Broadly speaking what you get when you pay more for a camera is robustness. If a £6,000 1D iii gives a “better” picture than your 2000D it will do so mainly because there is £2000 worth of glass (not included in the £6000) on the front of it. On the other hand it will take continuous hard use whereas the 2000D needs more looking after. OK, you do get improvements in ergonomics, faster AF, burst speed etc. but that may not be important to you. As an example, I bought my second digital camera specifically for the AF because I couldn’t get the results I wanted with my first camera when photographing birds.
  5. IvorETower

    IvorETower Little Buttercup

    Not exactly......
    There are also features and performance aspects to take into account - more butons that give direct access to some functions (but how often do you use them and change them?), faster auto-focus, better AF tracking performance, better weather sealing etc.

    You should work out what is holding your photography back, and/or what features/performance aspects you think you need, then start looking around for an upgraded camera that has these.... and do try it out once you have identified these items, to make sure that the camera "feels right" in your hands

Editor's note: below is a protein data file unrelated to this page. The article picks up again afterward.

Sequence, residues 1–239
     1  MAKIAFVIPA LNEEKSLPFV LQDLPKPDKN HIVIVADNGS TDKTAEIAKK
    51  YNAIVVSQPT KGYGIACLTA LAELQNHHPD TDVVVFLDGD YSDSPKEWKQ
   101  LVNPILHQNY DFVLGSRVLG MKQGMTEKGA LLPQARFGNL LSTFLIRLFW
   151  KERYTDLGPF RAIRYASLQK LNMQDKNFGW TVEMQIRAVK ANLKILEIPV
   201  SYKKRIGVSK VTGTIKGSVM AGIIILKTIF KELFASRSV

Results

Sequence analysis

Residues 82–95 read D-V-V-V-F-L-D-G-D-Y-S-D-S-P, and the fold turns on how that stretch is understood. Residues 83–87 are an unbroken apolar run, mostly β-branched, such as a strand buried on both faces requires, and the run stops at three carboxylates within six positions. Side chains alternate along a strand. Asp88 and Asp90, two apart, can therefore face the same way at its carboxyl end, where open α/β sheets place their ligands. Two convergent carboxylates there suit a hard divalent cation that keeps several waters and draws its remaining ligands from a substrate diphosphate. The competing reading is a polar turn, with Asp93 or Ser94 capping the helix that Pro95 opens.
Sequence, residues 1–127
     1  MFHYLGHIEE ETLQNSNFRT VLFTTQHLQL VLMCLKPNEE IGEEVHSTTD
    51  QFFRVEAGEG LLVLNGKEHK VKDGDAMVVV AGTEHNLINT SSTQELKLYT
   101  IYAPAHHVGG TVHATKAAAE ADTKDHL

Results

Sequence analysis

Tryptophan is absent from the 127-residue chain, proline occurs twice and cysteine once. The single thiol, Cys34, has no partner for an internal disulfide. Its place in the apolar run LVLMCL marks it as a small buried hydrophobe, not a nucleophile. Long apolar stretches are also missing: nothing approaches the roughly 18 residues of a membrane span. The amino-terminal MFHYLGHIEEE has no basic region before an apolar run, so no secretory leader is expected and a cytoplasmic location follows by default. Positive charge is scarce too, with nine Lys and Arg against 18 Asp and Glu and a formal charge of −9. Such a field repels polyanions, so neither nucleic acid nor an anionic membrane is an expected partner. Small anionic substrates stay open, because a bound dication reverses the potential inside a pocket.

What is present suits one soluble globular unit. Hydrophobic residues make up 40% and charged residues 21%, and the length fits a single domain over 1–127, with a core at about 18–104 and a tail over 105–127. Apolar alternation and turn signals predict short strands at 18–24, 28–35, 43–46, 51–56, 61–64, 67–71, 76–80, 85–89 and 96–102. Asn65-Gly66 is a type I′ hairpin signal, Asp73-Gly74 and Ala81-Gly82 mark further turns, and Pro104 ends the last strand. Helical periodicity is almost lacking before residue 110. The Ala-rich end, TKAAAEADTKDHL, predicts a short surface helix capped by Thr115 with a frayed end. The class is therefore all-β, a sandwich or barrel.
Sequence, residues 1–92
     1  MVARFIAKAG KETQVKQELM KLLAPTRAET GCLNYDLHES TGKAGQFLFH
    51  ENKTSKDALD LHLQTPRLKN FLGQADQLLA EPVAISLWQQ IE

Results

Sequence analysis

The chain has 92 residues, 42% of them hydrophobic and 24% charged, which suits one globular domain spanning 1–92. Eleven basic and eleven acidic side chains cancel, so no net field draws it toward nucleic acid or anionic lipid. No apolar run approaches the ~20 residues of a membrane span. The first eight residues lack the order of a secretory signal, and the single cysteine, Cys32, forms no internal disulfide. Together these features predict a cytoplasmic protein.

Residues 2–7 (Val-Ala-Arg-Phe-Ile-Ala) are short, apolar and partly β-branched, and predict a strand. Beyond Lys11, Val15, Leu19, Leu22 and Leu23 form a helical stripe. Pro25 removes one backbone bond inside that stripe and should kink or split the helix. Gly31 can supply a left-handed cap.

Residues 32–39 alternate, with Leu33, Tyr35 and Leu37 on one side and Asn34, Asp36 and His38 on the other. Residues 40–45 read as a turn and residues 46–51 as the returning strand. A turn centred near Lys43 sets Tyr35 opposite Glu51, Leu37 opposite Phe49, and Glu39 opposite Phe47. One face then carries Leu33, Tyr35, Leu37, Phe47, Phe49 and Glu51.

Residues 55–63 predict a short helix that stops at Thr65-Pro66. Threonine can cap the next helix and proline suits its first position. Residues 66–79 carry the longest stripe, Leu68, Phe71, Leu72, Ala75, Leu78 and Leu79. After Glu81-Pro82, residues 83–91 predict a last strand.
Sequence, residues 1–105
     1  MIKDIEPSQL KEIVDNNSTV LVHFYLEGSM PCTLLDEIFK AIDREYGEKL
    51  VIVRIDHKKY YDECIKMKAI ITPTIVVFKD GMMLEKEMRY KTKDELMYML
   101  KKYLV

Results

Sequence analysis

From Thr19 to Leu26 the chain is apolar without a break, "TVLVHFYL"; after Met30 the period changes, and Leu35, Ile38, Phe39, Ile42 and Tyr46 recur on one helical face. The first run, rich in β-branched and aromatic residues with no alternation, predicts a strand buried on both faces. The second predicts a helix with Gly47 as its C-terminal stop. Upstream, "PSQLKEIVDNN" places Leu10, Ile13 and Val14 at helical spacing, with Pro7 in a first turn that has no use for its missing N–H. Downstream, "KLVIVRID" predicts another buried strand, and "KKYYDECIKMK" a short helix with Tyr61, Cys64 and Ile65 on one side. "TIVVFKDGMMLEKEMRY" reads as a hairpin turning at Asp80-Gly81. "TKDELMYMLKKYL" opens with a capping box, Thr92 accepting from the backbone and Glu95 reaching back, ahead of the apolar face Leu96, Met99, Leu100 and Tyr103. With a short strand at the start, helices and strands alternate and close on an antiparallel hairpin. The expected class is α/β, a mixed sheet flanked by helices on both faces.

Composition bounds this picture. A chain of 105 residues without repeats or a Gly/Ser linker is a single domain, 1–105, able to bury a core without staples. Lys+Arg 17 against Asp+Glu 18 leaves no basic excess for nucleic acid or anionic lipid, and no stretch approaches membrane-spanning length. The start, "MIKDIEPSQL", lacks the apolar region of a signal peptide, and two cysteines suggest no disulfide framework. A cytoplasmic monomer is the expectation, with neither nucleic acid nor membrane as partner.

Learning likes this.
  6. RogerMac

    RogerMac Well-Known Member

    Just a couple of points to add to the above:
    A. If you want to photo sports such as cricket you might find the fast frame rate of a Canon 7D useful
    B. If you are interested in "Black cats in coal cellars" photography a full frame model would help - but would need new lenses
    Last edited: Oct 19, 2020
  7. GeoffR

    GeoffR Well-Known Member

    I agree with most of this but, having read the specification I can find a number of things that might lead me to want to upgrade, I won't mention them because it is important for Meomyo to make the determination without any leading from me.

    It might also be relevant to point out that the features that would lead me to upgrade are either absent or present in the cameras I have. If you have never known any different most of them might not even be noticeable.